It is late October 2011, in Toronto, a time of year when the chill lays siege to your bones. The clouds menace overhead, tumbling like waves, seemingly within reach. In St. James Park, close to 2000 protesters gather; the marginalized voiceless—legitimate and otherwise—congregate in a small park within shouting distance of the epicenter of Canadian finance to give sound to their disparate plight.
A girl in her mid-twenties sits cross-legged on a resilient patch of grass near one of the crowded walkways that snake through the park. Among the cacophony of drums, the impromptu chants decrying social inequality, and the passionately strummed chords of those who have come to find an audience for their own troubles (or at the very least their music), she smokes a cigarette, enjoying her participation in this ephemeral community.
Positioned on the dirt before her is a makeshift placard: bold, black letters on thick cardboard. “I HAVE A UNIVERSITY DEGREE, DEBT, AND NO JOB”—this is her reason for participating in Occupy Toronto. There is an implied injustice in these biographical details, one that has caused the have-nots to lock hands in a show of solidarity. Like many of the protesters in St. James Park this afternoon, the girl assumes that having an education entitles one to a desirable vocation, that accepting the debt required to afford this education is merely part of the wager she is supposed to win. It is an intuitive notion of reward, one with much currency among the group.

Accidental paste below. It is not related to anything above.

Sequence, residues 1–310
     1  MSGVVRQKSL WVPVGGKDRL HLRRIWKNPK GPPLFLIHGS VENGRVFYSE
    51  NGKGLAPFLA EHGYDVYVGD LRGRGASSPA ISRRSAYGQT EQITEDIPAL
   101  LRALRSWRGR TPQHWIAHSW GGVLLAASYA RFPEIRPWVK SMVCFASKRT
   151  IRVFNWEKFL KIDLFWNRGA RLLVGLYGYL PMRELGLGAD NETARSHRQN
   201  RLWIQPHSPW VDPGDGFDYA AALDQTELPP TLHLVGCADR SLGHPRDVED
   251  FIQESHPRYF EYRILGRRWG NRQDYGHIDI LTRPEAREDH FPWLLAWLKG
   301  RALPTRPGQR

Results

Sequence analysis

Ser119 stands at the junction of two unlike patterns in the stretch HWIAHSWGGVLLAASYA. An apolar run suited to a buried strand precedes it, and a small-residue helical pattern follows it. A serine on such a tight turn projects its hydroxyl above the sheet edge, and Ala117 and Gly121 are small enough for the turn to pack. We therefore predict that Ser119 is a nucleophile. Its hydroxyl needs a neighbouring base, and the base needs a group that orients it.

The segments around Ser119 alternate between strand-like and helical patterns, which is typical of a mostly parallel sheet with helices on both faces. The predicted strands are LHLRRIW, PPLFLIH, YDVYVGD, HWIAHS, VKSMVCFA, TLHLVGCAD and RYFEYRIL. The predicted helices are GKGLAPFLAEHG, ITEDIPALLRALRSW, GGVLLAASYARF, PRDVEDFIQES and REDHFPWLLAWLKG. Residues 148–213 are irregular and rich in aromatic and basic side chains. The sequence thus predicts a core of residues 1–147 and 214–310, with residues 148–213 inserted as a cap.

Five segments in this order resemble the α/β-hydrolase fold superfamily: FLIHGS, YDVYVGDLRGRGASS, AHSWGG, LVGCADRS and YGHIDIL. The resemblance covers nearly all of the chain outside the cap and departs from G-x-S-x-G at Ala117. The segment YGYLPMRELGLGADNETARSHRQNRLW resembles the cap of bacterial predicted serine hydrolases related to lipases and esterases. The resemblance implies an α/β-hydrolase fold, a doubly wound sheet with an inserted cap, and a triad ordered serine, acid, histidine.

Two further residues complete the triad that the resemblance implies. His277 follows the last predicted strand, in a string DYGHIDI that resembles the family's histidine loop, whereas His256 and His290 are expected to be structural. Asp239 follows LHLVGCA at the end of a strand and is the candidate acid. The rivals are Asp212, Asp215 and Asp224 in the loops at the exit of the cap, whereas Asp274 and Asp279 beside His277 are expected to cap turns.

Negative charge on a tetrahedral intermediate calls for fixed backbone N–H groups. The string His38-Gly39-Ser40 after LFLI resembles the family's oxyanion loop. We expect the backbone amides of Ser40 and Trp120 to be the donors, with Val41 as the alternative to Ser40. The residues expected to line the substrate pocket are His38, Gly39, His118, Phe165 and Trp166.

But there is a new paradigm at play. With post-secondary education available to a larger number of people, it is no longer the distinguishing quality of potential employees. Now a minimum requirement for many of the jobs pursued by university graduates, education is a necessary but insufficient qualification. Hopefuls must decorate themselves with supplementary plumage to capture the eye of prospective employers. This is a hard truth about one of the consequences of equality: it distinguishes the collective, not the individual.
Across the Atlantic, Carl Froch is in preparation for the finale of Showtime’s Super Six Tournament, where he will face undefeated Olympic Gold Medalist Andre Ward. Froch’s position in the tournament final is secured by his performances against a level of competition unsurpassed in the sport.